Dividend reinvestment is a popular method for investors to grow their equity portfolios and to provide tax-advantaged income in retirement. With respect to individual stocks and mutual funds, dividend reinvestment involves the use of dividend distributions from stocks or mutual funds to purchase additional shares. Reinvestment of dividends when an investor is young greatly benefits such investor’s returns (including their total dividend payout) as they grow older and move towards their retirement years. In other words, investors who reinvest their dividends will benefit from the “power of compounding.” What is the benefit of compounding? The Vanguard company, the innovator in the low-cost index fund arena, explains the “power of compounding” concept well:
“The key is the power of compounding, the snowball effect that happens when your earnings generate even more earnings. You receive interest not only on your original investments, but also on any interest, dividends, and capital gains that accumulate—so your money can grow faster and faster as the years roll on. This is particularly evident in retirement accounts, where principal is allowed to grow for years tax-deferred or even tax-free.
Here's an example:
Let's say you begin with two separate $10,000 investments that each earn 6% a year (keep in mind this is a hypothetical example, and actual returns would likely be different and a lot less predictable). In one $10,000 investment, you withdraw your investment earnings in cash each year, and the value of your account stays steady[.] In the other investment, you don't cash out your earnings—they get reinvested. … If you keep reinvesting the earnings (and again, we're assuming a steady hypothetical return of 6% each year) after 20 years your investment will have grown by more than $20,500. And if you've got an even longer time frame—for example, if you're in your 20s and saving for retirement—after 40 years, your investment will have grown by more than $92,000.”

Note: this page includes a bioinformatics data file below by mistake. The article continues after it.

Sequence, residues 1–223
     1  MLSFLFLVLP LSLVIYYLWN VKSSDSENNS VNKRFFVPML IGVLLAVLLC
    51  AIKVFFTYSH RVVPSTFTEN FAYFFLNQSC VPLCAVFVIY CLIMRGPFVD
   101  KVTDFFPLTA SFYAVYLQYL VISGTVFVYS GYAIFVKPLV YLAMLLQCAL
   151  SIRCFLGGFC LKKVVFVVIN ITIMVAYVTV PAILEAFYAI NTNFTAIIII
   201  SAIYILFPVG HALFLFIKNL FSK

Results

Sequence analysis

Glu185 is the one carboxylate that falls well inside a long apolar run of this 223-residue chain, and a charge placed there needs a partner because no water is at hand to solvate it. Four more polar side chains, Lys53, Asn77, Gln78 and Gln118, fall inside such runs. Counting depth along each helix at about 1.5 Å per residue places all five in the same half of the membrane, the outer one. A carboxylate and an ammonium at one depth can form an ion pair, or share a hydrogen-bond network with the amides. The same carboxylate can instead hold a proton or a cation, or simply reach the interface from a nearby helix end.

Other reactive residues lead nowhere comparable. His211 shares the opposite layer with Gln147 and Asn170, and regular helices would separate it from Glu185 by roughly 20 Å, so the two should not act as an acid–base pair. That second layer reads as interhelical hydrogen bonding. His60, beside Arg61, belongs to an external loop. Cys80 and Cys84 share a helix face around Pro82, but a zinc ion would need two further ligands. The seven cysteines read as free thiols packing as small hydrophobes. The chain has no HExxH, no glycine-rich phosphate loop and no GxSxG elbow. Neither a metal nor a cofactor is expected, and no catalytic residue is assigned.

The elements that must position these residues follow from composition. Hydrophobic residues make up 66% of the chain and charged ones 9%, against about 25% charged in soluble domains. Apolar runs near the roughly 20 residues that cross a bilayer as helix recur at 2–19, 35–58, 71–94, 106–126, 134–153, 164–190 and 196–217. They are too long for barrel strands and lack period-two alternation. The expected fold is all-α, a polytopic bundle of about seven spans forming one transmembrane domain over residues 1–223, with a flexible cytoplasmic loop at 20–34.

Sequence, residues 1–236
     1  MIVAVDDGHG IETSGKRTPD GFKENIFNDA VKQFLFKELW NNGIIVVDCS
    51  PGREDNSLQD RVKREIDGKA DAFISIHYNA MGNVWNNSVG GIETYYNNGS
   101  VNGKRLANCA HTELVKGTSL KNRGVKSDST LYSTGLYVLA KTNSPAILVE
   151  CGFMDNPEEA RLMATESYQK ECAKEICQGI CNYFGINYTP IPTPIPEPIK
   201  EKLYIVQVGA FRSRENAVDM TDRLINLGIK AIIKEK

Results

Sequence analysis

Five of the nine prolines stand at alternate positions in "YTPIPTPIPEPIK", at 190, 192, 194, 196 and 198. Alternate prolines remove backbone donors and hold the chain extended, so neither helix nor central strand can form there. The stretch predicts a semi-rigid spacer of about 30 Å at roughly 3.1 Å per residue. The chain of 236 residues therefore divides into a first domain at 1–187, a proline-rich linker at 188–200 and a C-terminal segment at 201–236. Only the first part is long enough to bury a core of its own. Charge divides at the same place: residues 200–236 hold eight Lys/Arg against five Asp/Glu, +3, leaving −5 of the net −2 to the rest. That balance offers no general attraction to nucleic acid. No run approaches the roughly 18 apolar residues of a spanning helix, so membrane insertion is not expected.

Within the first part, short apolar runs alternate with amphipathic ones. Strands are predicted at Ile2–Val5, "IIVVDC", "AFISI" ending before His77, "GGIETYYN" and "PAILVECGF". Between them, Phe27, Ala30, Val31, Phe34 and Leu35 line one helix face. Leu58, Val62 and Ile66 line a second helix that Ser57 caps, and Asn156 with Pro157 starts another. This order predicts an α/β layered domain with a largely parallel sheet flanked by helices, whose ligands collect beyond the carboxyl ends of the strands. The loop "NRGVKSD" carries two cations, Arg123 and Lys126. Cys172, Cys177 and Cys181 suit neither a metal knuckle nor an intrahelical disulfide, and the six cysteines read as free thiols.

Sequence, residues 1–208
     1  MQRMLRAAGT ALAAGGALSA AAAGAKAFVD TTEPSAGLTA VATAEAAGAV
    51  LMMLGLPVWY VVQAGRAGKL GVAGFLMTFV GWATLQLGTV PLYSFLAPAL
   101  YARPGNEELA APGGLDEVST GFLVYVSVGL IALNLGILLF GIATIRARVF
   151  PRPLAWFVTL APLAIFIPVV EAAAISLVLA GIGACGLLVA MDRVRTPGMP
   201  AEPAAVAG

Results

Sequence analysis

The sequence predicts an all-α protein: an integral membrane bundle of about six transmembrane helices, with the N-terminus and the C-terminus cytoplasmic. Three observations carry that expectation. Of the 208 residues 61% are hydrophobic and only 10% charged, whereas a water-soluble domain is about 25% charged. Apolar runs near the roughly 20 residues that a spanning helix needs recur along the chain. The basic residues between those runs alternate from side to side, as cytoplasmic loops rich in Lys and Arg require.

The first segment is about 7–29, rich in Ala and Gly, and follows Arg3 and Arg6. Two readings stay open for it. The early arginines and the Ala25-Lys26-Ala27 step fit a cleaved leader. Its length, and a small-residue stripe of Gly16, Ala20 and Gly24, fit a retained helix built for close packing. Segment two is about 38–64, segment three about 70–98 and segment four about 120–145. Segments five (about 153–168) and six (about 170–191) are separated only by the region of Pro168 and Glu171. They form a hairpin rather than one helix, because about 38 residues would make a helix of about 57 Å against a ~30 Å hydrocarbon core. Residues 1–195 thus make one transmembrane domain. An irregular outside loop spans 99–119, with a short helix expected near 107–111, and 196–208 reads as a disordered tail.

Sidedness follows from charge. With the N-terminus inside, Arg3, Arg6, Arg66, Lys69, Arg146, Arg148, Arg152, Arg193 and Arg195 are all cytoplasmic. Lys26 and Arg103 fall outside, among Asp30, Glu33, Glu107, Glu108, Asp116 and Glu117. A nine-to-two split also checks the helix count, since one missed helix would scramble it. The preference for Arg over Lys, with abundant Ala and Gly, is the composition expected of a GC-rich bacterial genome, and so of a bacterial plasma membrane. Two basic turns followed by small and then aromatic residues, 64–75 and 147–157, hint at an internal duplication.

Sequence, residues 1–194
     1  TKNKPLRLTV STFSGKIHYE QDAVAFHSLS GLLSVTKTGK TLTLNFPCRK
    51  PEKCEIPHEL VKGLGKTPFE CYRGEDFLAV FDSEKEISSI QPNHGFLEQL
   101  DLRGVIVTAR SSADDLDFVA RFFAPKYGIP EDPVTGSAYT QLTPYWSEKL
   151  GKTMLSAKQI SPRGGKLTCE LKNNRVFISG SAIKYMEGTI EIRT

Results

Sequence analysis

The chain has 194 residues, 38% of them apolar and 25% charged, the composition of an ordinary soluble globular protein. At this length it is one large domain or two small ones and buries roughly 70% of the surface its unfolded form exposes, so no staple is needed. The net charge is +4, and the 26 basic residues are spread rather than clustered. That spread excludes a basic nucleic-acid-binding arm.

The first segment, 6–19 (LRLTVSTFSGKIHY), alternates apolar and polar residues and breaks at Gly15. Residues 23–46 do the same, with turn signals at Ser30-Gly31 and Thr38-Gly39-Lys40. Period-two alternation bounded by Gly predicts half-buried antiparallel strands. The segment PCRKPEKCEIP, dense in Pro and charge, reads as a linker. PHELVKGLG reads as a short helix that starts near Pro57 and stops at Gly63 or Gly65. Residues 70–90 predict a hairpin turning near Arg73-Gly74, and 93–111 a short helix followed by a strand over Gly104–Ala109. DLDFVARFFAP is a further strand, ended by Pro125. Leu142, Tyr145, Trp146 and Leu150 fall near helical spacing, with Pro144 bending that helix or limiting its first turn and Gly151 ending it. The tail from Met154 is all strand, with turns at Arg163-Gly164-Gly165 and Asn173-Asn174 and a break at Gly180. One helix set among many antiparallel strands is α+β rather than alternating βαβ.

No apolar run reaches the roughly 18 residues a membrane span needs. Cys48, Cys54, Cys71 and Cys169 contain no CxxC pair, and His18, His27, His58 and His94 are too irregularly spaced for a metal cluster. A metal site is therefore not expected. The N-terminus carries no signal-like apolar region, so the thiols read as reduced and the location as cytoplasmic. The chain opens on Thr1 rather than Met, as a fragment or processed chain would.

Dividend reinvestment can be a powerful method for investors to build a steady stream of income for retirement (whenever such retirement occurs). Historically, the total return of the S&P 500 has been slightly more than nine percent per year. About half of such total S&P 500 return has come from share price appreciation and the other half from dividends. So, as we can see, the role of dividends is significant with respect to total returns. As noted in the title of this article, however, this article involves the tax burden investors must continually meet in their years of dividend reinvesting until they decide to take their dividends in cash without any reinvestment whatsoever. From our vantage point, we see that there are only 3 methods of addressing a dividend income tax burden. Although such methods may seem obvious, we still consider it important to briefly address each of them.
1) No Reinvesting of Dividends at All
This method of meeting dividend income tax obligations is the most radical of all methods. This method is radical because it defeats much of the “snowball effect” benefit that an investor reaps from decades of dividend reinvesting. As such, an investor should avoid the no-dividend-reinvestment method to meet their dividend income tax burden until they reach at least 3 decades of dividend reinvesting and/or retirement (whichever comes first). An investor should reinvest as much of their dividends for as long as they can meet their dividend income tax burden through work-related income.
2) Full dividend reinvestment
This is the preferred method of allocating dividends towards furthering total investment returns through share price appreciation and an increasing dividend income stream. As noted, throughout this article full dividend reinvestment is easier said than done given increasing tax burdens that result from an increasing dividend income stream (in a taxable account of course). For example, let us use the U.S. Federal tax rate for qualified dividends of 15 percent along with a state income tax rate of 7 percent. As such, an investor living in such a state would owe 22 percent in taxes every year on their dividend income. For $50,000 in yearly dividend income, an investor would owe $11,000 in taxes in any given year. For $100,000 in yearly dividend income, an investor would owe $22,000 in yearly taxes.
As one can see then, as dividend income grows the more difficult it becomes for an investor to meet their dividend income tax burden with work-related income alone. With that said, however, a successful dividend re-investor must use this method for as long as they can to maximize their retirement funds and their yearly dividend income. Depending on when a dividend re-investor begins their dividend reinvestment journey, their dividend income tax burden may become excessive sometime in their 50s or 60s. At such “breaking point,” an investor must decide whether they will turn off their dividend reinvesting in total or use a hybrid dividend reinvesting method as noted below.